Archive for August 15th, 2011

Native Texas Bumblebees

Monday, August 15th, 2011

This is Passport to Texas


06—Most people when you say the word ‘bee’ their mind automatically goes to the European honeybee.

Michael Warriner, an invertebrate biologist with Texas Parks and Wildlife, says Texas has plenty of native bee species…they’re just not as attention grabbing as honeybees.

08—Most of our bees are called solitary bees. They live on their own; they don’t live in big colonies. They don’t make honey, per se.

While solitary bees are easy to miss and dismiss, our native bumblebees are not.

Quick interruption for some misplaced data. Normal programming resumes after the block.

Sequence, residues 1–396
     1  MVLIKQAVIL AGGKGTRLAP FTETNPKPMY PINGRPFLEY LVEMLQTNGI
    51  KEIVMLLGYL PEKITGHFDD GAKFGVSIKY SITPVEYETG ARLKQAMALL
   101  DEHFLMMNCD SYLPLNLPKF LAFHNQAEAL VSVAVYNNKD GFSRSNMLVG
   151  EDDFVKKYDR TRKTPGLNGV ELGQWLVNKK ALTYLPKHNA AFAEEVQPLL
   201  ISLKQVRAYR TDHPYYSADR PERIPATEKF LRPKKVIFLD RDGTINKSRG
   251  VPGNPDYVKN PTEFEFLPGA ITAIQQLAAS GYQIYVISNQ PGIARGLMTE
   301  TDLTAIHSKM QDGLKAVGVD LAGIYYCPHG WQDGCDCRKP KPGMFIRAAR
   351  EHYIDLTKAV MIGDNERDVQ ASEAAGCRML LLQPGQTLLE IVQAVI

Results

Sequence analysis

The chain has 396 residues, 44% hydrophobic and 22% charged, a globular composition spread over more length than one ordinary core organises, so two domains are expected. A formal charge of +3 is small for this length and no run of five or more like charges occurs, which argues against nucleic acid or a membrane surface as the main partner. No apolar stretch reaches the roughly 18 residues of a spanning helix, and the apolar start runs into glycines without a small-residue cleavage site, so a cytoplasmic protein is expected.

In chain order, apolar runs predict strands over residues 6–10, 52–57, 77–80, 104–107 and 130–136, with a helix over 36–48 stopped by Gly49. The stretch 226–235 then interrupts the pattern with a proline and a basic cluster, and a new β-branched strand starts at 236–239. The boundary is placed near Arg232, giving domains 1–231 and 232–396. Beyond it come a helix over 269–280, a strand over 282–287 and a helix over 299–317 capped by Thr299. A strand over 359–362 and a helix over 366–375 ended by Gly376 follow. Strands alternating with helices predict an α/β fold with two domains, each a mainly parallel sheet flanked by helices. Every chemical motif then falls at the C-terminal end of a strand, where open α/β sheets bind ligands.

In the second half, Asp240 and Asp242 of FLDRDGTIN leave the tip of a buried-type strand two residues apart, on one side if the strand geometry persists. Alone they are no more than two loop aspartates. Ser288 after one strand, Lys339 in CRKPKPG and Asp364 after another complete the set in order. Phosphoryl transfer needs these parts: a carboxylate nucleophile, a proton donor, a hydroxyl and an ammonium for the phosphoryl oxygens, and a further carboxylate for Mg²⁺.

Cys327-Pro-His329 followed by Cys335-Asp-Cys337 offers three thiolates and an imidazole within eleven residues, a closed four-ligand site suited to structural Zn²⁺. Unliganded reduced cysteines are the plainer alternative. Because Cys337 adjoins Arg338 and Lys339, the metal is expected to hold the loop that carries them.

05—Bumblebees are basically big flying balls of fur.

These large furry slow moving insects with their distinctive black and yellow markings deserve our attention and appreciation.

17—Because they’re so tied into the plant life here. They’ve adapted through hundreds of thousands of years to pollinate these plants, and these plants are dependent on native bees, less so honeybees.
Honeybees aren’t necessarily geared toward pollinating our native plants.

But times are getting tough for our native bees.

08—A lot of people know about honeybee decline. Less well-known are the threats facing a lot of our native bees like bumblebees.

We’ll hear about that on tomorrow’s show.

That’s our show for today…we record our series at The Block House…and Joel Block engineers our program.

For Texas Parks and Wildlife, I’m Cecilia Nasti